Definitions

from Wiktionary, Creative Commons Attribution/Share-Alike License

  • n. Collectively, the communications media, especially television, radio, and newspapers, that reach the mass of the people.

Etymologies

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Examples

  • Earlier knowers of an innovation, when compared to later knowers, are characterized by more formal education, higher social status, greater exposure to mass media channels of communication, greater exposure to interpersonal channels of communication, greater change agent contact, greater social participation, and greater cosmopoliteness Generalizations 5-1 to 5-7.

    Diffusion of Innovations

  • We categorize communication channels as (1) interpersonal versus mass media and (2) localite versus cosmopolite.

    Diffusion of Innovations

  • Later adopters do not need to rely so much on mass media channels because an ample storehouse of interpersonal, local experience has accumu lated in their system by the time they decide to adopt.

    Diffusion of Innovations

  • The news event studies helped illuminate the broader issue of the inter-media process through which mass media messages stimulate interpersonal communication, which in turn motivates attitude change and overt behavior change.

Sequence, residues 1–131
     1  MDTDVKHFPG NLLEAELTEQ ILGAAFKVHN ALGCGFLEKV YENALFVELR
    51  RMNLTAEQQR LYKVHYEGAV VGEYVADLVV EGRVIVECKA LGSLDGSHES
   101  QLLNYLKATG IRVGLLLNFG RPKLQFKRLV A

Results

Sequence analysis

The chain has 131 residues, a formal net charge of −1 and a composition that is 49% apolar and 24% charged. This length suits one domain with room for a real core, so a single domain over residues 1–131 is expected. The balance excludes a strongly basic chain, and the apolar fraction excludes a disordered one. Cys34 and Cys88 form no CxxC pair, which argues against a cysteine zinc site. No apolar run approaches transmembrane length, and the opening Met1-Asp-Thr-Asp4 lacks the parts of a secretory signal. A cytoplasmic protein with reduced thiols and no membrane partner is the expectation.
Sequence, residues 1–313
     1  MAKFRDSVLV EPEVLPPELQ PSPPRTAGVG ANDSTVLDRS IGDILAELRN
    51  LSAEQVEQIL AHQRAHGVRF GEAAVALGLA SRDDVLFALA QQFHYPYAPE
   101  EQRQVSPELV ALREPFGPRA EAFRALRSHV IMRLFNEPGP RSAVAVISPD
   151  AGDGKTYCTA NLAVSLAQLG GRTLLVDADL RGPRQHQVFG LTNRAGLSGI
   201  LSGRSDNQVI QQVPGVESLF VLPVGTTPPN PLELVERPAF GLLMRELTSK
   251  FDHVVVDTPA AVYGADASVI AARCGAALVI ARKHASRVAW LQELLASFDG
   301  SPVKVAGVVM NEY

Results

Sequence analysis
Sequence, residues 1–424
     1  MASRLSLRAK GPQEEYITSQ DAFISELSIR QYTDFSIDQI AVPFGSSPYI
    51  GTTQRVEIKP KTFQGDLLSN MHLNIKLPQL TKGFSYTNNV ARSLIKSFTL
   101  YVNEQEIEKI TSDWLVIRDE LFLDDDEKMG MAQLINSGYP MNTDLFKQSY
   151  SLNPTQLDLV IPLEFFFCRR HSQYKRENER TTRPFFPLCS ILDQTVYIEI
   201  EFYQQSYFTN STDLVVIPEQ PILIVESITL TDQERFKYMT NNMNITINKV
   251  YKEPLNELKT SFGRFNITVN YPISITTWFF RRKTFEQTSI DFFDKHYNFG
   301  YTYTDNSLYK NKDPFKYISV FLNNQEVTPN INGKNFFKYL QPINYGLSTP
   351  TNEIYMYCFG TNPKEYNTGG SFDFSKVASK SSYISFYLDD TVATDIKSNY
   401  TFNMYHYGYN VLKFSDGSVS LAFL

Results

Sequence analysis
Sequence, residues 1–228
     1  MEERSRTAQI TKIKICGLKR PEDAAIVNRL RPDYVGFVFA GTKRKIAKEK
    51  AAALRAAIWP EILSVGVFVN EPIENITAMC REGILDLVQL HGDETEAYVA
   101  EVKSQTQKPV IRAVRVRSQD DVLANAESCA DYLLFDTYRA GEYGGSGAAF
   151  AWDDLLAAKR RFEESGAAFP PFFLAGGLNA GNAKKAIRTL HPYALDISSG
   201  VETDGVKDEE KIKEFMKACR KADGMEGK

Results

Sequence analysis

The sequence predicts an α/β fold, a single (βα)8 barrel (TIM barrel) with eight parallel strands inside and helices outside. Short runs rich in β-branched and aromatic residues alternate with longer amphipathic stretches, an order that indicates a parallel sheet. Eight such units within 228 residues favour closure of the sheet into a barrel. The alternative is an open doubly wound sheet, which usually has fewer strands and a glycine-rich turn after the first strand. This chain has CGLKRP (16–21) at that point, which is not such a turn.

Diffusion of Innovations

  • He directs the Communications Research Group in Great Britain and has been studying the effects of mass media on violent behavior for several decades.

    Grand Theft Childhood

  • Copp and colleagues 1958, p. 70 found that A temporal sequence is involved in agricultural communication in that messages are sent out through mass media directed to awareness, then to groups, and finally to individuals.

    Diffusion of Innovations

  • The meta-research on twenty-three different innovations in ten nations mentioned previously showed that if cosmopolite interpersonal and mass media channels are combined to form a category of cosmopolite channels, in the developing nations the percentage of such channels was 81 percent at the knowledge stage and 58 percent at the persuasion stage.

    Diffusion of Innovations

  • These meta-research data suggest that the role played by mass media channels in developed countries (creating awareness-knowledge) is perhaps partly replaced by cosmopolite-interpersonal channels in developing countries (where the mass media are less pervasive).

    Diffusion of Innovations

  • Figure 5-2a shows the number of new adopters per time unit is due to mass media channels and to interpersonal communication, with the later much more important.

    Diffusion of Innovations

  • Examples of such individual-blame variables that have been correlated with individual innovativeness in past diffusion investigations include formal education, size of operation, income, cosmopoliteness, and mass media exposure see Chapter 7.

    Diffusion of Innovations

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